By Christopher Shores
This quantity updates the knowledge within the first quantity and provides a few new names. details has been additional at the pilots who received luck opposed to the V-1 flying bombs in the course of 1944-45. element is usually supplied on these devices during which nearly the entire fighter pilots served at your time or one other - the fighter Operational education devices - and of expert devices reminiscent of the principal Gunnery tuition, Fighter Leader's university and Fighter Experimental devices. there's additionally assurance of the one different conflicts during which British pilots were in a position to declare victories on account that 1945 - Korea and the Falklands clash.
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Additional resources for Aces High, Volume 2. A Further Tribute to the Most Notable Fighter Pilots of the British and...
It was disbanded again on 20 July 1945. 59 Operational Training Unit Formed at Turnhouse, Edinburgh, in December 1940, the unit moved its Hurricanes to Crosby-on-Eden in February 1941. In August 1942 a move to Milfield was made, where from March 1943 the unit specialised in training pilots for Typhoon squadrons. On 18 May 1943 the pilots of 31 Course formed 559 Squadron as a Typhoon conversion unit, moving to Brunton. 59 OTU was disbanded in January 1944 to form the nucleus of the new Fighter Leaders’ School, but was reformed in February 1945 at Acklington as a half unit, again with Typhoons, operating for three months before once again being disbanded.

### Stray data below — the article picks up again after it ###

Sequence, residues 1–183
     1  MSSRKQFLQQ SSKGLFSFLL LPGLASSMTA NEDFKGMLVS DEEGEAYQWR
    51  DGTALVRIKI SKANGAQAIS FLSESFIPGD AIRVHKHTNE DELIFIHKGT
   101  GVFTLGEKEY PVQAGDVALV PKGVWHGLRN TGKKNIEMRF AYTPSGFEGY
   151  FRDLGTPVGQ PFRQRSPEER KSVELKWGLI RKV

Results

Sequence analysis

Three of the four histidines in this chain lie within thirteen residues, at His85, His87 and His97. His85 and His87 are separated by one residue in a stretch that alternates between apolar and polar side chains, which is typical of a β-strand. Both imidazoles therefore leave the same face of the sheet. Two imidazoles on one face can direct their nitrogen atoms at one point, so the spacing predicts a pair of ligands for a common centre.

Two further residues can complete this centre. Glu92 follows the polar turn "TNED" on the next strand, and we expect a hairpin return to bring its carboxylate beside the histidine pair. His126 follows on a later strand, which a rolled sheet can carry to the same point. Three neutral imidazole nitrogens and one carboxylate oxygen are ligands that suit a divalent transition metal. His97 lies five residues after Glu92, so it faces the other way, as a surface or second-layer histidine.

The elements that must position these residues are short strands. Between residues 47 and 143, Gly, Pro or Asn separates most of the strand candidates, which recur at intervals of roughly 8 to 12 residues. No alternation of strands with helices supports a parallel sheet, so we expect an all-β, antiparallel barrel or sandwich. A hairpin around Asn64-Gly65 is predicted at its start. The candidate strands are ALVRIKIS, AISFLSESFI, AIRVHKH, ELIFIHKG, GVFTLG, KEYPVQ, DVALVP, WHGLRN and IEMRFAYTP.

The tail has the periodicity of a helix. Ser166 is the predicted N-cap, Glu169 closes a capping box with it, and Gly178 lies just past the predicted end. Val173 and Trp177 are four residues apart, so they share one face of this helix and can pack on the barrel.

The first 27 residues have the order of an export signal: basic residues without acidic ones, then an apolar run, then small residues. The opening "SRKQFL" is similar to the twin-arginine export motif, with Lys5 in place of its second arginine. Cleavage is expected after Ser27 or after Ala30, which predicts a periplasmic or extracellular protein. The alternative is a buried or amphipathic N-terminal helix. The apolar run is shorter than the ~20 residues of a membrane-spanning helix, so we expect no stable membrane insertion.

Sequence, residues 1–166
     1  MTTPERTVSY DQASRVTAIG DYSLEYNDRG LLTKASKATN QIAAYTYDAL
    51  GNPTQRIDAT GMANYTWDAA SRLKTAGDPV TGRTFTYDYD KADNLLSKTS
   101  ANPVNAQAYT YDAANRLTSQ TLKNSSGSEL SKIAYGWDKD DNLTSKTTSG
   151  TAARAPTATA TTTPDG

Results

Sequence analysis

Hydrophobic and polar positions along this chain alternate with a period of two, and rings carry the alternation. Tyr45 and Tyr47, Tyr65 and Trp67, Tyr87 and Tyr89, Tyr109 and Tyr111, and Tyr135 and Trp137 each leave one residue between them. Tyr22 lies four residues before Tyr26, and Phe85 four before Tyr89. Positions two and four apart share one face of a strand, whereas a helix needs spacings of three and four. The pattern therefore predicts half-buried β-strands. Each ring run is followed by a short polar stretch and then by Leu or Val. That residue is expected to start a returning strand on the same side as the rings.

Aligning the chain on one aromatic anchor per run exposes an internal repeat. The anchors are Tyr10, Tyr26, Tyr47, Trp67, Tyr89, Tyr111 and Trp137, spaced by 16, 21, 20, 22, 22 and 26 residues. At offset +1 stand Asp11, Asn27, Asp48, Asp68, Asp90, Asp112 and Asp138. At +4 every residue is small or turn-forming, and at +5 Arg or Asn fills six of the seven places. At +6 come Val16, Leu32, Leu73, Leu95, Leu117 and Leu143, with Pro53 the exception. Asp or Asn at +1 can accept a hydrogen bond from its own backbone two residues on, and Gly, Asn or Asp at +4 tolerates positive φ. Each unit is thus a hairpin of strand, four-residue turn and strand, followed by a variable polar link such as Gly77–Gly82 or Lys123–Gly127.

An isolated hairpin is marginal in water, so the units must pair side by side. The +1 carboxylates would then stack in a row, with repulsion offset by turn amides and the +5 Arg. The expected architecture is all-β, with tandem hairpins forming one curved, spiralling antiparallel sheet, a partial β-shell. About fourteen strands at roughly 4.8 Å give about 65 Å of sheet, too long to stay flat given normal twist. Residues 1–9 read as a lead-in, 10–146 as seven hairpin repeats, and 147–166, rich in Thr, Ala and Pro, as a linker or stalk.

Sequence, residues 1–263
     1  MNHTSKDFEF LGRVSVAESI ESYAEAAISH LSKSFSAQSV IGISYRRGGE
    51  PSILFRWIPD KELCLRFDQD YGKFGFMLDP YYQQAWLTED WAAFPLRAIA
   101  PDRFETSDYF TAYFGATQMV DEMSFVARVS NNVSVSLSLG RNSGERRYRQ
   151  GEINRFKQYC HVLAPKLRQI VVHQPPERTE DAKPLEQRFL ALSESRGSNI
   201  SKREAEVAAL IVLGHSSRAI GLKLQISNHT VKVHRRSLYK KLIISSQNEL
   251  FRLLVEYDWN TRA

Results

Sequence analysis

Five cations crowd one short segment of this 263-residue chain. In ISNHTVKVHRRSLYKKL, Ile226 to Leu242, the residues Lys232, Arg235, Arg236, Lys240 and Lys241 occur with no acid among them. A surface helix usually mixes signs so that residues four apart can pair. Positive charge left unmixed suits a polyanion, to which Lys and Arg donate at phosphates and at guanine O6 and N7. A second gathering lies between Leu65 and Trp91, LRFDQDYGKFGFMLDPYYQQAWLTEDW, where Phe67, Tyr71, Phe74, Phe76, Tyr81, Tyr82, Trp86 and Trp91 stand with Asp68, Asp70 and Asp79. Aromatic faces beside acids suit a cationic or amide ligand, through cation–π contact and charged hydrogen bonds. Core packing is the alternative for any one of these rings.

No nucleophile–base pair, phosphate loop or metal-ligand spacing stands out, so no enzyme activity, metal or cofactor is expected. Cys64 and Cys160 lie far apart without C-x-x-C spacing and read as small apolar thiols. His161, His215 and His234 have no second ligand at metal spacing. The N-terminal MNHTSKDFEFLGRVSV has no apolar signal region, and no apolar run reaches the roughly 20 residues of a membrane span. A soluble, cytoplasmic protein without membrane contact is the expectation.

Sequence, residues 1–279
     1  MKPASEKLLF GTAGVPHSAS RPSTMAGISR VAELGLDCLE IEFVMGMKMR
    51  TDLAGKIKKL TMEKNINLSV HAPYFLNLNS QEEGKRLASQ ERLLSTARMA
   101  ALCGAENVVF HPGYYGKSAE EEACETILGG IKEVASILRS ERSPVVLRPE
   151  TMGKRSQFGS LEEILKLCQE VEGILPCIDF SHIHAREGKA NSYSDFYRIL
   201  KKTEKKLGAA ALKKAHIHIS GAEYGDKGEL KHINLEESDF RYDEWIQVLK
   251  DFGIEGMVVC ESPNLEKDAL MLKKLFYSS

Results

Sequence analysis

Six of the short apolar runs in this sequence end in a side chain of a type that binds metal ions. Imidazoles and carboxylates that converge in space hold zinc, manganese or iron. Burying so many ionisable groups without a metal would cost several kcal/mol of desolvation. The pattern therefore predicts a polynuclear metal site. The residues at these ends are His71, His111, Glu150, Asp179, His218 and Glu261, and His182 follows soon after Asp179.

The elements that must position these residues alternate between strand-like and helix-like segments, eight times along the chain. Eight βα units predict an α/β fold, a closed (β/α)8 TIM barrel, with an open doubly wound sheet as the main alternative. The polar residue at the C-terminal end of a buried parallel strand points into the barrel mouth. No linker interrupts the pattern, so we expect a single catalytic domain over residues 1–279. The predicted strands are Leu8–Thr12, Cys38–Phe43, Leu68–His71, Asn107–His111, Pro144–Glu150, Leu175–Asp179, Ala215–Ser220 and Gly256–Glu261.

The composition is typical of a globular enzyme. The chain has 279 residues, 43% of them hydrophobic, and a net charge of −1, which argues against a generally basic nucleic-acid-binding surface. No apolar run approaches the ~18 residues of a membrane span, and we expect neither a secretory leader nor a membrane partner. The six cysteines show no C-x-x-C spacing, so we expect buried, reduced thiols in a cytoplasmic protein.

In March 1945 58 OTU was reformed by the renaming of the Day Fighter Wing of 41 OTU at Poulton (one of the ex-Army Co-operation Command units), equipped with Mustangs, moving to Hawarden, Cheshire. It was disbanded again on 20 July 1945. 59 Operational Training Unit Formed at Turnhouse, Edinburgh, in December 1940, the unit moved its Hurricanes to Crosby-on-Eden in February 1941. In August 1942 a move to Milfield was made, where from March 1943 the unit specialised in training pilots for Typhoon squadrons.
On 19 January 1942 he led Hurricane fighter-bombers in an attack on Comiso airfield, Sicily, where his aircraft, BV174, was hit by ground fire. He managed to return to Malta, where he crash-landed. In February 1942 he was posted to the Middle East, where he later became a flight commander in 89 Squadron, flying Beaufighters at night. He was awarded a DFC on 7 March 1944, and was released from the RAF in 1946 as a Wg Cdr. R. Lieutenant SAAF No. 103758 Bennetts served in the Western Desert with 2 SAAF Squadron during summer 1942.